“We all genuinely love parks”. Helen Goulden, Executive Director, Nesta.
Parks are public social green spaces. Most often with trees and plenty of grass. They are places were anyone can go if they can get there. And mostly, you can move in multiple directions and do many different things.
Unlike the countryside where paths and rights of way rule your route of travel, the park offers an expansive opportunity to move. A park has volume, space. And unlike the High Street, it’s not focused on the purchase of things or the role of people primarily as consumers. Possibly the most action taking place in any park is play – play of all kinds, physical, social, imaginary including inter-species play with dogs. Parks contain and enable activity by and for people of all ages, across backgrounds and cultures.
As an artist working with a contextual and social focus to ideas and projects, I have always been interested in public spaces, and places that temporarily become communal and social like a gig or a festival.
Growing up in Somerset, parks were recreation grounds for sport which held no interest for me – I didn’t understand them and was instead focused on fields. In 2009 I moved to South West London where I’ve lived for 7 years. I came to the edge of the city like a needle landing on a 12″ LP, from pastoral Somerset and Devon. I didn’t know it when I arrived – distracted by London town, and not yet familiar with what was immediately around me – that I was living in the immensely green borough of Richmond and Twickenham, with its huge areas of open public green space: parks, commons, woodland, recreation grounds, village greens, orchards. Then I started working part time for an environmental charity, the South West London Environment Network with my job focused on supporting Friends of Parks groups. And that’s when my fascination with parks arrived.
And I have become a park supporter. This enthusiasm for parks joins areas of interest together: people, popular culture, nature, wildlife, the common and the communal.
The ‘Parks’ section of this blog-website is focused on these open communal civic spaces. Not so much gardens or woods. Some parks will of course be on the cusp between a park and another kind of green space, because a park is a kind of garden, a field, a wood, and often has combinations of these things, and because everything is porous.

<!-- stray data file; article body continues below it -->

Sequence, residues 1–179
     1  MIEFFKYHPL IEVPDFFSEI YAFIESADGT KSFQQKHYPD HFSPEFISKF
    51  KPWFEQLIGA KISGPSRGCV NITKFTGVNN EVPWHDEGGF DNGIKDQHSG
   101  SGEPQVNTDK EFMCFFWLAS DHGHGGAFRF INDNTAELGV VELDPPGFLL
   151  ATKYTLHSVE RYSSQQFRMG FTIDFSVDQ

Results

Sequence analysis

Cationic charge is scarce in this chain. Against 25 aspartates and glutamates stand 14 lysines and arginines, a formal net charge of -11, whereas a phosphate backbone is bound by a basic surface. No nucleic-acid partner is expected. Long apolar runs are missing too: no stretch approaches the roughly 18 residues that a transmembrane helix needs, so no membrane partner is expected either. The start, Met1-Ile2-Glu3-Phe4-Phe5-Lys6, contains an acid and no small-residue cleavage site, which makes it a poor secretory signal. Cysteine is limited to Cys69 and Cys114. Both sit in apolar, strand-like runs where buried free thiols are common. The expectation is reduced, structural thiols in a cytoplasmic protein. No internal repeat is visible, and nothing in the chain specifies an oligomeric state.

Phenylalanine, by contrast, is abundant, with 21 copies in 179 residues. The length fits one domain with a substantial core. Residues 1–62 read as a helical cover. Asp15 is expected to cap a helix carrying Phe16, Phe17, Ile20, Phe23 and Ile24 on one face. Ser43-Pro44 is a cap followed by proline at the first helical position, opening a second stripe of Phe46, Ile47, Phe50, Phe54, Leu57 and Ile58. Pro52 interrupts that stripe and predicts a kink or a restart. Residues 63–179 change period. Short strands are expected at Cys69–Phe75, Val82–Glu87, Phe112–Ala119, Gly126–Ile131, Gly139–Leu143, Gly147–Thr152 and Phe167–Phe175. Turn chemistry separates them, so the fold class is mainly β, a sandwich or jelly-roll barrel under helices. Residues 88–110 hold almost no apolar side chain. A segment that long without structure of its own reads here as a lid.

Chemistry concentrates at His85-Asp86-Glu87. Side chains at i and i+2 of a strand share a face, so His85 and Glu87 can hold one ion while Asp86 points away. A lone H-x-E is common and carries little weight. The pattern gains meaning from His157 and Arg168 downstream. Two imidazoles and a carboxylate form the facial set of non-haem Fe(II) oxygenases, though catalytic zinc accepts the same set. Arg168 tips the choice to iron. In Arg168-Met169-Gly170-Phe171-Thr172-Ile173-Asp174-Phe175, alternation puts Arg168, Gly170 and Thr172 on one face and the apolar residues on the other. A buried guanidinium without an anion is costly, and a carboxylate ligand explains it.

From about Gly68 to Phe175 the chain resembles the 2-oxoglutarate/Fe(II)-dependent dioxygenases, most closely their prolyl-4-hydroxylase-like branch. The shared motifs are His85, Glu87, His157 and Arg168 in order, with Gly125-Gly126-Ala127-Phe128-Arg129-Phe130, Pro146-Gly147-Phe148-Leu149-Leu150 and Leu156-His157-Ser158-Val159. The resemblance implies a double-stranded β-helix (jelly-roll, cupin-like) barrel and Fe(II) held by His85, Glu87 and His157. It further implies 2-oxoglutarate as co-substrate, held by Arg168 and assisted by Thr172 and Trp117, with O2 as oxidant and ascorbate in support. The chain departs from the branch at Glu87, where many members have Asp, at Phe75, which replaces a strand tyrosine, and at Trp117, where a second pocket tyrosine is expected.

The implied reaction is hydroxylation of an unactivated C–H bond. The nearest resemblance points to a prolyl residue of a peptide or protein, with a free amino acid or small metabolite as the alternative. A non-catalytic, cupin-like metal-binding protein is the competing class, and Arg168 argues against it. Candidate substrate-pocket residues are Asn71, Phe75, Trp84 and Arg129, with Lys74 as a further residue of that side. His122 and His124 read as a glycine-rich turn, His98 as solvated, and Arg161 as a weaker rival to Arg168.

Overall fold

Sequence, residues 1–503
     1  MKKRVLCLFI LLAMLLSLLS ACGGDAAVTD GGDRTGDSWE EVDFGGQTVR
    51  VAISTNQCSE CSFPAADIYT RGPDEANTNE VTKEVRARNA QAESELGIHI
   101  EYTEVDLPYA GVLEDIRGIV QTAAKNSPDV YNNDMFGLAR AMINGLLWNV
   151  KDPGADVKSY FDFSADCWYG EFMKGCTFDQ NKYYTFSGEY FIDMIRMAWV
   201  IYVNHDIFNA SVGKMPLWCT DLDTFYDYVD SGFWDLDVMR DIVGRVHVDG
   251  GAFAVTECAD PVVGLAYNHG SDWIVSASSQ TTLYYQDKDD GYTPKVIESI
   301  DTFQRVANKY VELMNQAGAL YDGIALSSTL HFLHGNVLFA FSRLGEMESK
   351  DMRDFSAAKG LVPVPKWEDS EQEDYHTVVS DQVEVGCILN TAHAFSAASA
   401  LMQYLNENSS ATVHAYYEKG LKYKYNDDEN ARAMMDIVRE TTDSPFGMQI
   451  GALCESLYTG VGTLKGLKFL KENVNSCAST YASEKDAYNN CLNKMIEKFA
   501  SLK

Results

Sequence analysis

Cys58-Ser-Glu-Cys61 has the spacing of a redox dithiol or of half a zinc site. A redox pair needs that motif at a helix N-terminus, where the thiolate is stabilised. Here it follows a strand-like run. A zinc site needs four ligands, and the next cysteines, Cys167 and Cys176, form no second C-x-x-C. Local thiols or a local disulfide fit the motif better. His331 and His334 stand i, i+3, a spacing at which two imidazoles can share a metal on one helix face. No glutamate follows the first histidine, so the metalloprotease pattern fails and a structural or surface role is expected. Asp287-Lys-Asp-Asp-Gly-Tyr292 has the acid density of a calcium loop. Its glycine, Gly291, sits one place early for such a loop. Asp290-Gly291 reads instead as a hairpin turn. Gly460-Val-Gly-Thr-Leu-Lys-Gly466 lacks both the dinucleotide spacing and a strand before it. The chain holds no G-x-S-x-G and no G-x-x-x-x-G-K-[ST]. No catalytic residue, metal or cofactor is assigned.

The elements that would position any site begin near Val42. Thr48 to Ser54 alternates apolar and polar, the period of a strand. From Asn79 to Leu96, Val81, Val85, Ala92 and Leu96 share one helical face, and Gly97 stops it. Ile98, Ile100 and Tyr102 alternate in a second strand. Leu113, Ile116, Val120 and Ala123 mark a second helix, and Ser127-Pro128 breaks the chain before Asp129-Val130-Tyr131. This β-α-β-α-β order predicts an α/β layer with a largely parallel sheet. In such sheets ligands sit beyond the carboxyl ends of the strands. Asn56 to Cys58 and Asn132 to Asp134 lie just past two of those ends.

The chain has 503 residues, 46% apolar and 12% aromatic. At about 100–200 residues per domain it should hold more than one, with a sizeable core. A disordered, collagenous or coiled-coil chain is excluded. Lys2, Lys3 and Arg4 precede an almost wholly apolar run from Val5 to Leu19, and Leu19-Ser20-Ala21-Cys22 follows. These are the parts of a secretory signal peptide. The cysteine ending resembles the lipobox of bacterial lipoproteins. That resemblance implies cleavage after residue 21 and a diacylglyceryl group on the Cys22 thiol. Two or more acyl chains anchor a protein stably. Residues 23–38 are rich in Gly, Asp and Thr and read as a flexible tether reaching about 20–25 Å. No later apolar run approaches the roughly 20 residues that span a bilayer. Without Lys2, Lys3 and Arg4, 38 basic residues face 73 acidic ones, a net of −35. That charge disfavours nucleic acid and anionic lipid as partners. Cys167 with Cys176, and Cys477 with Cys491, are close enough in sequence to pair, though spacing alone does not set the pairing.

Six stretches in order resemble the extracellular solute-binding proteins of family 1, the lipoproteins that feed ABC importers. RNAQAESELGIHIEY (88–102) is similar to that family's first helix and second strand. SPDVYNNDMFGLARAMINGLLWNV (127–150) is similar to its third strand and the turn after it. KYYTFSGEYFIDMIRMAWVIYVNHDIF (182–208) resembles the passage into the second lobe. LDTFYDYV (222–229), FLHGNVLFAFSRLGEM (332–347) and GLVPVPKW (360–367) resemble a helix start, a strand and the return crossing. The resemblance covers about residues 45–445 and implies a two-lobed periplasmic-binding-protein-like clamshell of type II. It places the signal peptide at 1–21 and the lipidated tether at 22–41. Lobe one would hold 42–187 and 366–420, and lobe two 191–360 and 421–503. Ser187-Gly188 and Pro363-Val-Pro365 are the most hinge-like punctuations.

But there is a difference between a park and a garden or wood in terms of the main purpose or primary reason for its existence, particularly an urban park, and that is to assist and make space for the cultivation of people. That is for people to be inside and around nature, to be part of it, exchanging in and with social green space. Plants and animals may have always existed for years in the space, or been partly introduced, or completely imported there by people. The environment and habitat for other species is usually organised to primarily enable human activity and well being, through a complex mix of control and encouragement. Then we have opportunism and growth – movement that means a park is always changing and growing – a social green space.
– The Parks and Art page is a collection of examples of social art works and contemporary art projects that have taken place in UK parks. Parks and Art beyond the UK is a collection of examples from around the world.
– The WCMT Fellowship page documents my research project as a result of being awarded a 2016 Travel Fellowship to explore innovative participation in public urban green space, through travelling to Berlin and Hamburg in Germany, Vancouver Canada and Portland, USA over the summer and autumn of 2016.
This film by Ruari Muir, made in his local urban park in South London, captures the unique possibility a public open green space creates for people, for their social, mental and spatial well being. ‘The Park’ was made after Ruari was burnt out by life. He spent a lot of time at his local park trying to put things into perspective, and then, fascinated by watching other people in the park, picked up his camera …